There is an important property rights case being argued in an Alberta court next month that I think we should all pay attention to. If the government wins the case, you may have to put a chair against your door when you take a shower to make sure an agent of the state doesn’t enter your property unannounced.
This peculiar case involves landlords Robert Li and Lily Wang. They had a problem with a health inspector involving one of their properties. It got resolved. But it appears the health inspector used this incident as a pretext to enter all 10 of their other properties, fishing for violations.
Now, if a landlord is creating a hazardous condition for their tenants, I say throw the book at them. When you sign an agreement with someone to inhabit and use your property, you are obligated to follow the law and ensure their living space is safe. If there is a credible reason to suspect a property is unsafe, by all means, get a warrant and inspect it. If a tenant complains about the state of a property, they should be able to call an inspector directly and have them come in to check it out.
But you can’t have health inspectors declaring they are above the law and that the Charter of Rights and Freedoms doesn’t apply to them.
That appears to be what happened in this case, according to a written argument the landlords have filed in court. It says inspectors from Alberta Health Services have told the court they are entitled to enter any rental property without the permission of either the landlord or the tenant, without notice, without a warrant, without any evidence of reasonable grounds, because they consider a rental property a “public place,” similar to any other “public place” they have a right to inspect.
The landlords, on the other hand, say that rental properties are private dwellings, and the only way to inspect them is if reasonable grounds have been established, and they have either a warrant or permission.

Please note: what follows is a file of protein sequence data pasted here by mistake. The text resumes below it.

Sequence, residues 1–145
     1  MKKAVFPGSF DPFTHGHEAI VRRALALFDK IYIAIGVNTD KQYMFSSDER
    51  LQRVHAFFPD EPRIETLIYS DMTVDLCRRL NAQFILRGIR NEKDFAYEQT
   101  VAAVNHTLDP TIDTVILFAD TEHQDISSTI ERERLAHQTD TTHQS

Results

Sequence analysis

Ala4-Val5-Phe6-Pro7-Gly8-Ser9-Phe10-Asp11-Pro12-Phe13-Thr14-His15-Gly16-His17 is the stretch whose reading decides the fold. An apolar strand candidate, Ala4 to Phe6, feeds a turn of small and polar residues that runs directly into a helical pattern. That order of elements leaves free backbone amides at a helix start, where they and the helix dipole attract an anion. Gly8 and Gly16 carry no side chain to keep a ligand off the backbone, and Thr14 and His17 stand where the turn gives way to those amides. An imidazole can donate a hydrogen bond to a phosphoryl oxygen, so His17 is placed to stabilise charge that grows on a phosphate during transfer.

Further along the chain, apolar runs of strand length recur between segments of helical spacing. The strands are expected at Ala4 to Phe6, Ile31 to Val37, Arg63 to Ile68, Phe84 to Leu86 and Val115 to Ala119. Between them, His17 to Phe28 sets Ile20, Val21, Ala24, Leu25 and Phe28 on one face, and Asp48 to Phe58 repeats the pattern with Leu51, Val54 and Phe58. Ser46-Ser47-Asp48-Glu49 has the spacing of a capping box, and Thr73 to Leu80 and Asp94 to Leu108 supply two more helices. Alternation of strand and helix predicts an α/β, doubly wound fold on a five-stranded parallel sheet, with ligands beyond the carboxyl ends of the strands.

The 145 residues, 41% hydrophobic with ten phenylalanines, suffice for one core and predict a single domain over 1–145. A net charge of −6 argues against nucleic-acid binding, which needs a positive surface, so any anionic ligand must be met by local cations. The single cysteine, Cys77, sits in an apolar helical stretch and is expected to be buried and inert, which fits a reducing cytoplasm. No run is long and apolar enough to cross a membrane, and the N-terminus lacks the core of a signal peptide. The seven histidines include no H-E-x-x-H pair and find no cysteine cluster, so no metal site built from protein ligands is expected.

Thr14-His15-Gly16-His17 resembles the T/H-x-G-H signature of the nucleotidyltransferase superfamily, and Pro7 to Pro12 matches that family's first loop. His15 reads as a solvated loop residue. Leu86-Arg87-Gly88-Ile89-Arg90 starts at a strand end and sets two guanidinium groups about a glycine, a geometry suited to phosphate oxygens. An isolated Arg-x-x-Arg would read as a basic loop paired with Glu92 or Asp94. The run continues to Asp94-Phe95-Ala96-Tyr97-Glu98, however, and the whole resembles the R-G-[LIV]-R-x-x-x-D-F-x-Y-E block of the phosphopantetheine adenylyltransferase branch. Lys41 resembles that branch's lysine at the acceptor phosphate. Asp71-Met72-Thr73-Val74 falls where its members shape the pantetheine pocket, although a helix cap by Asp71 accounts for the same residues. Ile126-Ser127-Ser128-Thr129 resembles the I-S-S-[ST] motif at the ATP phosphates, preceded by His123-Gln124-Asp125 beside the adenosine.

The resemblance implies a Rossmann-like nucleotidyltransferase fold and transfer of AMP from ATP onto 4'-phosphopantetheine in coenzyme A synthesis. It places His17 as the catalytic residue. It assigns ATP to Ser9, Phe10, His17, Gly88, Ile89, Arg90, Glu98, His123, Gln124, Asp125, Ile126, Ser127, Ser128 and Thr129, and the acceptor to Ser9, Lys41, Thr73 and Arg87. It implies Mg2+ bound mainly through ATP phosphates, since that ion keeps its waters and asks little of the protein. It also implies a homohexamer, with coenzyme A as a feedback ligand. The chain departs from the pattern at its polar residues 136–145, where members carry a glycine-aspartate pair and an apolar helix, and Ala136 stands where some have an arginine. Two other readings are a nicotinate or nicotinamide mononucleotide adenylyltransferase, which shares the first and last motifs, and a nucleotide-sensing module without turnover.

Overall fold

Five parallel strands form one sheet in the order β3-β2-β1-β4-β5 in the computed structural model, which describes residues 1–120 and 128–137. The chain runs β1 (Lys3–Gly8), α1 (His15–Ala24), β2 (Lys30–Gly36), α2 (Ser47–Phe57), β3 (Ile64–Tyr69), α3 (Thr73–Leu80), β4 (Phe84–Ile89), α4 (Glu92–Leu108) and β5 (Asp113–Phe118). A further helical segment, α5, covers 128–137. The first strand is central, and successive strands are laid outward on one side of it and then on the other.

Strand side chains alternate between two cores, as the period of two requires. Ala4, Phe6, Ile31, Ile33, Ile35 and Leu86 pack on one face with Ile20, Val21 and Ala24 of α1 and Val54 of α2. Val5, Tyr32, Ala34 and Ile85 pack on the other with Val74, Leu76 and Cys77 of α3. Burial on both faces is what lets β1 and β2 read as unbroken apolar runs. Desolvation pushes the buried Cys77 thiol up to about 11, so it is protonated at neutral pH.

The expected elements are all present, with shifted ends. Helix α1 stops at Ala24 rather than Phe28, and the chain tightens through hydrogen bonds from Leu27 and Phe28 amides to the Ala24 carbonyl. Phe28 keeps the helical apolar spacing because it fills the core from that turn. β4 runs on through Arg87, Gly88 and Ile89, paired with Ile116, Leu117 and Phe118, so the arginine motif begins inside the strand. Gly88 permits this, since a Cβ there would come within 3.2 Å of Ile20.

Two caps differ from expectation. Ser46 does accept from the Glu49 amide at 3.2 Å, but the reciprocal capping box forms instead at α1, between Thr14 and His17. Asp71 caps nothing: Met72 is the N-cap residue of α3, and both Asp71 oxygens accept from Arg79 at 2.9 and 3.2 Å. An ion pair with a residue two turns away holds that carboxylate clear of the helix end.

How that can be is mystifying. Especially when you consider one tenant was surprised to come out of the shower and find a health inspector and police inside her apartment. As one of my listeners sarcastically pointed out, if her apartment is a public place, did they write her a ticket for public nudity or indecent exposure? When I asked lawyer Mathew Farrell what kind of violations were found against his clients, he said minor issues — like a ripped screen. If that’s all there is, it is hardly cause for such an extreme power to be exercised without oversight.
Clearly, this is a misapplication of the law. When a landlord signs a contract, the landlord is transferring some ownership rights to the tenant. The landlord can’t then enter the property at will. A police officer can’t either, not without getting a warrant. If the property owner is restricted from entering and a police officer is restricted, how can health inspectors say the rules don’t apply to them?
Section 8 of the Charter protects people against unreasonable search and seizure, not to mention there is a longstanding convention in common law that our home is our castle. If this decision is allowed to stand, I guess any time the state wants access to your property, all they have to do is send in AHS to knock the door down.
This case goes to court next month. We’ll let you know how it ends up.